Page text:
I Wish I Were Far From the Madding Crowd

August 6, 2010

A chemical pot pourri

This is a real hodge-podge of items.

Bisphenol A

The Environmental Working Group (EWG) recently announced the findings of a study that found BPA in a large percentage of paper receipts it had collected.  http://ewg.org/BPA_Found_In_Receipts

Chemicals in cosmetics

Another resource EWG maintains is the Skin Deep cosmetic safety database.

http://www.cosmeticsdatabase.com/

Speaking of cosmetics, Annie Leonard (“The Story of Stuff”) has come out with “The Story of Cosmetics”, a look at chemicals in cosmetics and personal care products.  The Story of Stuff blog looks at the cosmetics industry’s reaction.

Learning and developmental disabilities and other diseases and conditions

The Collaborative on Health and the Environment (CHE) covers a wide range of topics, from learning and developmental disabilities to the CHE Toxicant and Disease Database, a searchable database that summarizes links between chemical contaminants and approximately 180 human diseases or conditions, to the Metabolic Syndrome Discussion Group.

BP (not just oil spills)

The CHE site also includes news items like:

6 Aug Thousands sign on for $10 billion BP suit. The revelation that BP’s Texas City refinery emitted toxic benzene for more than a month has ignited a furor in the port community that has suffered its share of deadly industrial accidents and toxic spills. Houston Chronicle.

Yes, before the BP oil spill there was the BP Texas City refinery explosion.  The U.S. Chemical Safety Board conducted an investigation.  I believe that they are looking into whether these incidents show that BP fostered a culture of cutting corners.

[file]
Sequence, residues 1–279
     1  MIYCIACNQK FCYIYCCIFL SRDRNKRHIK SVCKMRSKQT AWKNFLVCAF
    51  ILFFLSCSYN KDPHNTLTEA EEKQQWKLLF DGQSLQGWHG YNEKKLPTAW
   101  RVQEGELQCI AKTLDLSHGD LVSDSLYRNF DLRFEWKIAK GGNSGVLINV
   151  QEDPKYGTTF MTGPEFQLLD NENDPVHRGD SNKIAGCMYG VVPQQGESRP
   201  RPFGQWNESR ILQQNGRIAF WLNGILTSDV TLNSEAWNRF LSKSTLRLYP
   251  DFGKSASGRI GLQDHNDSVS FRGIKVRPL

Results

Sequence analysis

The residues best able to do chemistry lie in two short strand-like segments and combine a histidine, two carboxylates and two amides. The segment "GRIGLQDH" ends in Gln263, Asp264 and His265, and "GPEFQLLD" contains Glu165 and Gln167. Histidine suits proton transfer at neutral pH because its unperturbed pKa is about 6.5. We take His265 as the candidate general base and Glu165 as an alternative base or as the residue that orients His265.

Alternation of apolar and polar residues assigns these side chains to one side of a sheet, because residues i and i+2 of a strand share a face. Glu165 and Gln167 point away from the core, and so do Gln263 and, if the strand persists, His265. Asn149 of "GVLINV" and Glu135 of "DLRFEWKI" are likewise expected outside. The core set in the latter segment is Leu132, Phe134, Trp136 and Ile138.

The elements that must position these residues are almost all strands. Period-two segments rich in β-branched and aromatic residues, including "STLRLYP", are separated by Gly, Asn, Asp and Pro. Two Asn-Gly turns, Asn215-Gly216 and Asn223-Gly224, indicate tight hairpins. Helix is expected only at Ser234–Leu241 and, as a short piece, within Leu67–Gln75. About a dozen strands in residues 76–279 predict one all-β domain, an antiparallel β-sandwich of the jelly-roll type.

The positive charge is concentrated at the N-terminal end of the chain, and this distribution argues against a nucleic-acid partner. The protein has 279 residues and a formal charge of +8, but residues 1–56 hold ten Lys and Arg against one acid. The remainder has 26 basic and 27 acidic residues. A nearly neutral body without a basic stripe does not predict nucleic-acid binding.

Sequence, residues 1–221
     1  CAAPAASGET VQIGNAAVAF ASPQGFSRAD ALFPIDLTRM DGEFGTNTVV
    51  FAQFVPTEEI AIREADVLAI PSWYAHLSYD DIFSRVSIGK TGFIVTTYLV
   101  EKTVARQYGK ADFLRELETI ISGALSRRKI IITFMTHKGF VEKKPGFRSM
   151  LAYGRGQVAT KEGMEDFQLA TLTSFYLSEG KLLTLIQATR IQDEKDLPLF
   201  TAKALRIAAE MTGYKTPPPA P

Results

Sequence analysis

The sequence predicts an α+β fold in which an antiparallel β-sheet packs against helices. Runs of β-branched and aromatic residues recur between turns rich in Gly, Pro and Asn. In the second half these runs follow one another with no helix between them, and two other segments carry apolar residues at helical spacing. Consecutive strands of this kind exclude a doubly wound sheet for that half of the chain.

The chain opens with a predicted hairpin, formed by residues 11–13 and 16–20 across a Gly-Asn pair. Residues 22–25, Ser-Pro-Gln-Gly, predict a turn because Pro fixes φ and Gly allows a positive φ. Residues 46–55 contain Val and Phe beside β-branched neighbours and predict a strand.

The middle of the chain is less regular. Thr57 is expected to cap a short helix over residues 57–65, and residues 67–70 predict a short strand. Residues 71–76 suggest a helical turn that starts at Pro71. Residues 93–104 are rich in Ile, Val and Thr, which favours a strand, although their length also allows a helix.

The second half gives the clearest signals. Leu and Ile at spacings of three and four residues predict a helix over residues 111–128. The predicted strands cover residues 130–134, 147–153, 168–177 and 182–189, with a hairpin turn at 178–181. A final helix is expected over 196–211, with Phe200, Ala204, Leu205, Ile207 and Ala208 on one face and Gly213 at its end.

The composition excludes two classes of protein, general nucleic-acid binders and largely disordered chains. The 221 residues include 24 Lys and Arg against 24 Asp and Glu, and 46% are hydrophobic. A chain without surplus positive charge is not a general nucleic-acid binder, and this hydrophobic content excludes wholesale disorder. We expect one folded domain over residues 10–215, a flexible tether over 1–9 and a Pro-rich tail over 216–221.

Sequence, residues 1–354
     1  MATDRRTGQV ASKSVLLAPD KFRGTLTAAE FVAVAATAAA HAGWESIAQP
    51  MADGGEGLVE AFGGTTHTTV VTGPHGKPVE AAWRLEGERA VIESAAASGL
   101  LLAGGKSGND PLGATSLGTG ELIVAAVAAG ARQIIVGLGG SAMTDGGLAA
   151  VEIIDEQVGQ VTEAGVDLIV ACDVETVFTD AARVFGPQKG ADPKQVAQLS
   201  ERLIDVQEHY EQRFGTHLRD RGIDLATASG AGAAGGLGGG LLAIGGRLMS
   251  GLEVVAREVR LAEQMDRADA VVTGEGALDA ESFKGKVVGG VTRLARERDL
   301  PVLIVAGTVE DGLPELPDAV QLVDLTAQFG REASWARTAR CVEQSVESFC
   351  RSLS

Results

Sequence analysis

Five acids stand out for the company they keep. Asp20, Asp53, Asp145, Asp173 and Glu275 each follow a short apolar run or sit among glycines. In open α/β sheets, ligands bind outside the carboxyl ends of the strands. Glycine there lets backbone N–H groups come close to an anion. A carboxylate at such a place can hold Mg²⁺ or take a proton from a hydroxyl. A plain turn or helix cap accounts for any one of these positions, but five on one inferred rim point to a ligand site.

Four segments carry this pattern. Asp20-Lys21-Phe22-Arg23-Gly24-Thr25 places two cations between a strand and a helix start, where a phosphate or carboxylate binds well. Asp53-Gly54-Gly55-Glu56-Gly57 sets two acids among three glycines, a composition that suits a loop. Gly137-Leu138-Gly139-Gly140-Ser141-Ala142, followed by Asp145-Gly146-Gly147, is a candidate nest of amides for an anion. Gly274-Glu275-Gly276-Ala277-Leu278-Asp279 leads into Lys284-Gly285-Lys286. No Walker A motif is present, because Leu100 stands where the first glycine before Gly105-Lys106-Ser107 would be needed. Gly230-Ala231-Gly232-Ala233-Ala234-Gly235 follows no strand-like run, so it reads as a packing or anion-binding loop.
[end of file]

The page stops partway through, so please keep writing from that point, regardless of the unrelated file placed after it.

Chemicals and depression?

Was reading Peter Kramer’s Against Depression, where he argued that depression is a true illness.  (At least that’s what I’m getting out of it.)  He makes a couple of points that struck me.  One, on p. 156 he states that there is a connection between diabetes and depression.  Unfortunately, he doesn’t cite a source for that.  And if true, it’s not clear which caused which.  That is, does having diabetes make it more likely that you would be depressed?  Or does depression in some way connected to the development of diabetes.  Or could diabetes and depression be caused by the same agent?  (Or some combination of the above.)

He also talks about how long-term stress can result in increased levels of corticotropin and that such stress can lead to depression and illness.  Of course, corticotropin is but one element of the neuroendocrine system.  And with many of these things, there are feedback loops that get out of whack if enough recovery time is not available.  That’s actually why some scientists have proposed that a chronic lack of sleep can cause obesity over the long haul.  The International Agency for Research on Cancer and NIOSH are looking at whether “shift work” (along with a number of chemicals) can be considered carcinogenic.

Leptin: An example of what we didn’t know